Anger is a natural and common response to loss. It is rare to experience no anger during bereavement and, for some people; feelings of rage can be very intense. The protest 'Why me?' reflects a general sense of helplessness at the unfairness of life, as does anger at others for carrying on their lives as if nothing has happened. Anger may also have a more specific focus. Intense feelings of blame may be directed towards other people - relatives, friends, doctors - who did not seem to help the person enough before their death. It is common to feel anger at oneself for 'failing' to prevent their death, blaming oneself for not doing more. Feelings of anger towards the person who has died are often particularly distressing and confusing. The bereaved may feel abandoned by them. Feelings of anger are at their most intense shortly after a death and tend to grow less with time. One woman said after her sons death that she felt great anger at him for what he had done to her, her sister, her mother and family She had often felt overwhelmed with murderous rage, rage at the world, at life, that it could be so unfair sometimes, and finally rage at her friends who she once loved and cared for... that they could not be there for her.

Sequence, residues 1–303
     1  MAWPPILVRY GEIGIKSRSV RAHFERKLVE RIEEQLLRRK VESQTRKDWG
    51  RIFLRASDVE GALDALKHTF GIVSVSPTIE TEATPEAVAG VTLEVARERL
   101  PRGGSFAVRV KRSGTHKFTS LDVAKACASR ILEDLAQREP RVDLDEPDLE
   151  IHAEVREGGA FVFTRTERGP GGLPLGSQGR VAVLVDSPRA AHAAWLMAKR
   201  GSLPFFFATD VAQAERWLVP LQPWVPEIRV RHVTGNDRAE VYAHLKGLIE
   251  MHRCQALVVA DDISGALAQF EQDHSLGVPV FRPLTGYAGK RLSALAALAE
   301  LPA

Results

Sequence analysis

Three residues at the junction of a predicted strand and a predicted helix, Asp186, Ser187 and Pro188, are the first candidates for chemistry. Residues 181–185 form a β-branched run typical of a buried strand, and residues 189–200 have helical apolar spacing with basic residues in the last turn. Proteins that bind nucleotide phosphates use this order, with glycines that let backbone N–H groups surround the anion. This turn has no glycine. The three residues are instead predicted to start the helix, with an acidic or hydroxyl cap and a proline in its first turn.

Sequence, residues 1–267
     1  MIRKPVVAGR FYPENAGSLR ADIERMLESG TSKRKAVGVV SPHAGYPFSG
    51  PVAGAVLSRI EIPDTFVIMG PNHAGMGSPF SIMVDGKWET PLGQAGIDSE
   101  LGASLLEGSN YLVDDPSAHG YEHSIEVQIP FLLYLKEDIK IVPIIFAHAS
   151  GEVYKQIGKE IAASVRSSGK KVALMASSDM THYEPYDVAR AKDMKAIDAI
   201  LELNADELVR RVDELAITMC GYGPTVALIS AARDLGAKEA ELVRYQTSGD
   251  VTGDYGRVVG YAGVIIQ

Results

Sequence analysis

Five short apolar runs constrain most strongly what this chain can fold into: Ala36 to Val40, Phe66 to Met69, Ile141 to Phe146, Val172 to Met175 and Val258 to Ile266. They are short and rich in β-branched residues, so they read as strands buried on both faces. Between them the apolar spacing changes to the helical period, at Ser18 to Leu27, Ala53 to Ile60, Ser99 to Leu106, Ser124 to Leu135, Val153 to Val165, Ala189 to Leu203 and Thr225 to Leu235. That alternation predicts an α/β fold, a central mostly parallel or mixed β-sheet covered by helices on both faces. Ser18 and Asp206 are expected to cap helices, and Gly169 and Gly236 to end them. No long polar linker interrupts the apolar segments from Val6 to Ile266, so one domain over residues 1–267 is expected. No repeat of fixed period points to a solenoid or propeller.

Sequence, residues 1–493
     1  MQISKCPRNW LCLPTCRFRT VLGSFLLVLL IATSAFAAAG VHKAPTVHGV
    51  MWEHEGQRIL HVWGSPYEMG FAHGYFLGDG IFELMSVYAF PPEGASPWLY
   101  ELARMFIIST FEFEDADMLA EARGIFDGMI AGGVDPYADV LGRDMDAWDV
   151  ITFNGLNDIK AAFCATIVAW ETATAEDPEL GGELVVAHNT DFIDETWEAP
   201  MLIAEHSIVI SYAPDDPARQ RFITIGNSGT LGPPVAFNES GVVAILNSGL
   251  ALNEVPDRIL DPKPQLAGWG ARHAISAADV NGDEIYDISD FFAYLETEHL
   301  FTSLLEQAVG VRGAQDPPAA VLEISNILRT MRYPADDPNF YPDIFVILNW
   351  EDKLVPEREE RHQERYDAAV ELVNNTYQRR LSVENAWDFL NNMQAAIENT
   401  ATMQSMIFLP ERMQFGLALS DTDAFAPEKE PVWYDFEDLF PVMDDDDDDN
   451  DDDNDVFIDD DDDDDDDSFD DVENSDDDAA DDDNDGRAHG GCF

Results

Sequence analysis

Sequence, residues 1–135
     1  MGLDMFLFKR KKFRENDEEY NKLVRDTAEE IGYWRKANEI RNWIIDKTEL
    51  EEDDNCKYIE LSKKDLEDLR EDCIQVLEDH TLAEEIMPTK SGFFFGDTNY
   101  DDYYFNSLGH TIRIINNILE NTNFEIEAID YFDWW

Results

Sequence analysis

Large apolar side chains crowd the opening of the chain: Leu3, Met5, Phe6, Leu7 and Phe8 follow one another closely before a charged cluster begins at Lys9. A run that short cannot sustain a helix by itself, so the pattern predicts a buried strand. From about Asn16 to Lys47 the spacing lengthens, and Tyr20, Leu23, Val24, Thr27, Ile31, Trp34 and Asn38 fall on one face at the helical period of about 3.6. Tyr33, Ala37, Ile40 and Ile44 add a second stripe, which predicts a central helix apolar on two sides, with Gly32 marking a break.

Guilt or self-blame is also common during grief. Guilt may be felt about the death itself. It is extremely painful to accept that we were not able to prevent the death of a loved one or protect them. Feelings of responsibility are common and bereaved people often judge themselves harshly under these circumstances. Our relationships before the death are another common source of remorse. Sudden death interrupts close relationships without warning. Since our lives are not usually conducted as if every day might be our last, we assume there will always be the future to sort out tensions and arguments or to say the things that have been left unsaid. Regrets often take the form of 'If only's': 'If only I had done this' or 'If only I hadn't said that'. Guilt may also be aroused by what one feels or does not feel during bereavement (e.g. anger towards a dead person, inability to cry or show grief openly). Occasionally a death may bring with it a sense of relief for those left behind, particularly if there had been a lot of unhappiness and suffering for everyone beforehand. This feeling may also cause intense guilt. Lastly, guilt may be felt for surviving - for being alive when they are dead. Another woman described her terrible feelings of guilt following her brother's death. Not one day had passed that she hadn't asked herself 'Why?' Not one day had passed that she hadn't experienced the guilt, tidal waves of guilt that just seem to drag her under deeper and deeper She agonised over whether they as a family could have done something that might have turned him around, that might have made him want to stay with them. Why she wondered did they say all those terrible things to each other while they were growing up? Or worse, why didn't she say all the things to him that she now wished she could?